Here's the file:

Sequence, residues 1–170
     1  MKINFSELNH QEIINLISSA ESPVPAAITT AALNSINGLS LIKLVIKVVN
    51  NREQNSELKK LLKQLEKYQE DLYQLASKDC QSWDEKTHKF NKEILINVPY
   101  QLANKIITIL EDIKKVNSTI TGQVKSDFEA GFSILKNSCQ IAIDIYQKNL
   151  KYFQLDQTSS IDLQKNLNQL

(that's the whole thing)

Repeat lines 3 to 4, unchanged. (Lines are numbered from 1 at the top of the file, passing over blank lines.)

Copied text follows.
    51  NREQNSELKK LLKQLEKYQE DLYQLASKDC QSWDEKTHKF NKEILINVPY
   101  QLANKIITIL EDIKKVNSTI TGQVKSDFEA GFSILKNSCQ IAIDIYQKNL